“I am hopeful we have a model that will allow us to get closer and closer to those who are the ultimate perpetrators of these crimes,” said ABA Vice President Doug Johnson.

In the United States, banks typically reimburse consumers when they are victims of cyber crime, but they may require business customers to absorb those losses, the ABA said.

Microsoft’s team of digital detectives, who are based at corporate headquarters in Redmond, Washington, have been involved in seven efforts to attack botnets since 2010. Wednesday’s marked its first collaboration with the FBI.

The software maker sought help from the FBI about 10 days ago. At that time the agency told Microsoft that it had already done significant work on a criminal probe into the Citadel Botnets, the FBI’s McFeely said.

Microsoft said it and the FBI are working with law enforcement and other organizations in countries including: Australia, Brazil, Ecuador, Germany, Holland, Hong Kong, Iceland, India, Indonesia, Spain and the United Kingdom.

Of the more than 1,000 botnets that were shut down on Wednesday, Microsoft said 455 were hosted in 40 data centers in the United States. The rest were located in dozens of countries overseas.

Technicians from Microsoft, accompanied by U.S. Marshals, visited two U.S. data centers in Scranton, Pennsylvania and Absecon, New Jersey to collect forensic evidence.

Boscovich said the data center operators typically are not aware that their servers are being used to run botnets. “There is no responsibility on their part to see what is in the pipes,” he said.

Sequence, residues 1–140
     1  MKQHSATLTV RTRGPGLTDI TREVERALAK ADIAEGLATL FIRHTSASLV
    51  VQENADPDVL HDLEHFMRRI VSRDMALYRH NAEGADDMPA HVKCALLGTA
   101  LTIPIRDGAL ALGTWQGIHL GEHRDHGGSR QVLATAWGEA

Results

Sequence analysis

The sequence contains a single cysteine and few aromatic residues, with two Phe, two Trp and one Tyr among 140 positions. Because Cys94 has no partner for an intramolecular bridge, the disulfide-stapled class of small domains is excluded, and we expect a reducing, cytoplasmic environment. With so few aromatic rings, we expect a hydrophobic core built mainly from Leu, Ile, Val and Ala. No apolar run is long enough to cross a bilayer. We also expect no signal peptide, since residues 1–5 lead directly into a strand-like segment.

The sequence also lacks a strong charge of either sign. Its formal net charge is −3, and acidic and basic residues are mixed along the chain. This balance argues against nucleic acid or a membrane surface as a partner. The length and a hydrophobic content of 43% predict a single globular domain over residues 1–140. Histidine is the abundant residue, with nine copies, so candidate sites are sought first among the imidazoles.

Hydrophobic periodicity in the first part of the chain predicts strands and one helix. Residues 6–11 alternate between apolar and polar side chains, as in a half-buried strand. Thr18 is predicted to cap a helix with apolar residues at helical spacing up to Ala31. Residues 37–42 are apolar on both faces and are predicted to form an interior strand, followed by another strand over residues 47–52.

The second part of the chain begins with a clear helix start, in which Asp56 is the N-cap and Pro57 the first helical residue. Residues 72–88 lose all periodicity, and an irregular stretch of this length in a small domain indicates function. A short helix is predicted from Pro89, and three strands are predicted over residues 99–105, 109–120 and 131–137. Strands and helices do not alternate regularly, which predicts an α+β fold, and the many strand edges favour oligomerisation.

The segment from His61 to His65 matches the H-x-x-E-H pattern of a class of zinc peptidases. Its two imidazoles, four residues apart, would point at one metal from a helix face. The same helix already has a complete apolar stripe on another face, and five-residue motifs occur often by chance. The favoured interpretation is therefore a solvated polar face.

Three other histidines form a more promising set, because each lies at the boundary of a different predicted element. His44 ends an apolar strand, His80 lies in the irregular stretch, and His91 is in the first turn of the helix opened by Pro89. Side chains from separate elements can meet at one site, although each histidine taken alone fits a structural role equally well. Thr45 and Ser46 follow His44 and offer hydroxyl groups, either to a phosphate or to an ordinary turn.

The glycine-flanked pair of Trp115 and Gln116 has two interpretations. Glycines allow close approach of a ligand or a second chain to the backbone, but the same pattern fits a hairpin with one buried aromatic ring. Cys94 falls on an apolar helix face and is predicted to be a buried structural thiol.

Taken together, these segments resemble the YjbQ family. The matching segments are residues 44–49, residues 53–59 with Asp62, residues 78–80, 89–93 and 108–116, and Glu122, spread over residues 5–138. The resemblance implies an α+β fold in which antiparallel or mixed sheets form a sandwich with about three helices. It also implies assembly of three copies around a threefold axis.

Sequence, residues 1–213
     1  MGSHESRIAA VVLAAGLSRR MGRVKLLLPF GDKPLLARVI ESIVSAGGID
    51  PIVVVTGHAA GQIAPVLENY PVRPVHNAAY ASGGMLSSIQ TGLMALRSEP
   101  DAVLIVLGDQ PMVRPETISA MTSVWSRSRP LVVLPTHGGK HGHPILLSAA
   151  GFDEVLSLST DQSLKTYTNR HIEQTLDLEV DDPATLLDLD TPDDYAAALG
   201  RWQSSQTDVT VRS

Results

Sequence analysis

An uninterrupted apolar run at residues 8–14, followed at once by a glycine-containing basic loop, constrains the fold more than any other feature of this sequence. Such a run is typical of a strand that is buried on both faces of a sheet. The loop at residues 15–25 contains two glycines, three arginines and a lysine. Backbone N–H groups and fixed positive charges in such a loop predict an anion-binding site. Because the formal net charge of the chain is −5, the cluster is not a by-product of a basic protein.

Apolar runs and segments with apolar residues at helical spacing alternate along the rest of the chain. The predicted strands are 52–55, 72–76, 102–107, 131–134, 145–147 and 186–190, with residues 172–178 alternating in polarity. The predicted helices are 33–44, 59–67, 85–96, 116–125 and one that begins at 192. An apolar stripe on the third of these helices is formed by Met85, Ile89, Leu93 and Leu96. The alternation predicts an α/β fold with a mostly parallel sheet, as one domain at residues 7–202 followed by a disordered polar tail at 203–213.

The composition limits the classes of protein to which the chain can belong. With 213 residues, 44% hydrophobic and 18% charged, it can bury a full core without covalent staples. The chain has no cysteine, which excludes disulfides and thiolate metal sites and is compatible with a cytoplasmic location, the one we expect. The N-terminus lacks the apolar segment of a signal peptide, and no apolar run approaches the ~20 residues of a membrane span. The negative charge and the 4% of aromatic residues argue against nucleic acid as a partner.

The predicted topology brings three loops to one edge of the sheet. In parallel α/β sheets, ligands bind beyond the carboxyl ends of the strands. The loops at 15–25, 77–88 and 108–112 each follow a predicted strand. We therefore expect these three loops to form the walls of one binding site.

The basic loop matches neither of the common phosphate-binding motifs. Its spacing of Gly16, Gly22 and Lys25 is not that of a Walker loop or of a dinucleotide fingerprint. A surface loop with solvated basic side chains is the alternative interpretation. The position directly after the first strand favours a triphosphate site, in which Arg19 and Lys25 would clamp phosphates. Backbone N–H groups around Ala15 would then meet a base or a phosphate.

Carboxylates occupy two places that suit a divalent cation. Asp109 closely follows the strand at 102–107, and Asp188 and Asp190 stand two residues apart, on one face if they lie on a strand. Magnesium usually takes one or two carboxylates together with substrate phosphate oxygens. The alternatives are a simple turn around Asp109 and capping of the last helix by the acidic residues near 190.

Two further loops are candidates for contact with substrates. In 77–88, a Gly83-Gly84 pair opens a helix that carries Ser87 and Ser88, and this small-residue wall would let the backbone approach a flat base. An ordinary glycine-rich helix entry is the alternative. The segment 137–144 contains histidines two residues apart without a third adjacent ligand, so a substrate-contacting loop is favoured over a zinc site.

Deja Zeus

It was the second time Microsoft’s Digital Crimes Unit sought to bring down a large number of botnets at once. In March 2012 it targeted hundreds of Zeus botnets, which use similar software and infrastructure as Citadel, though they were not as sophisticated.

That effort succeeded in shutting just a quarter of the approximately 800 targeted Zeus command and control servers, according to Microsoft. Zeus is not controlled by a single developer like Citadel, which made it harder for investigators to track and knock out herders.

Cyber criminals typically infect machines by sending spam emails containing malicious links and attachments, and by infecting legitimate websites with computer viruses that attack unsuspecting visitors. Some bot herders rent or sell infected machines on underground markets to other cyber criminals looking to engage in a wide variety of activities.

The Citadel software disables anti-virus programs on infected PCs so they cannot detect malicious software. It surfaced in early 2012 and is sold over the Internet in kits that cost $2,400 or more.

Boscovich said he believes that Aquabox also gets a percentage of money stolen by his customers using Citadel.

These kits allow herders to easily set up and run botnets on pirated versions of Microsoft’s Windows XP operating system, according to court documents. The kits include modules for infecting PCs, as well as stealing from online banking sites, sending spam and engaging in other types of cyber crime.

Some Citadel Botnet operators have used infected machines to disrupt bank websites in so-called distributed denial of service attacks, hoping to distract those firms from thefts that are occurring or have occurred, according to the complaint.

Aquabox provided herders a secret forum where they could suggest new features for the Citadel kits, as well as exchange ideas on best practices in botnet herding, Microsoft said.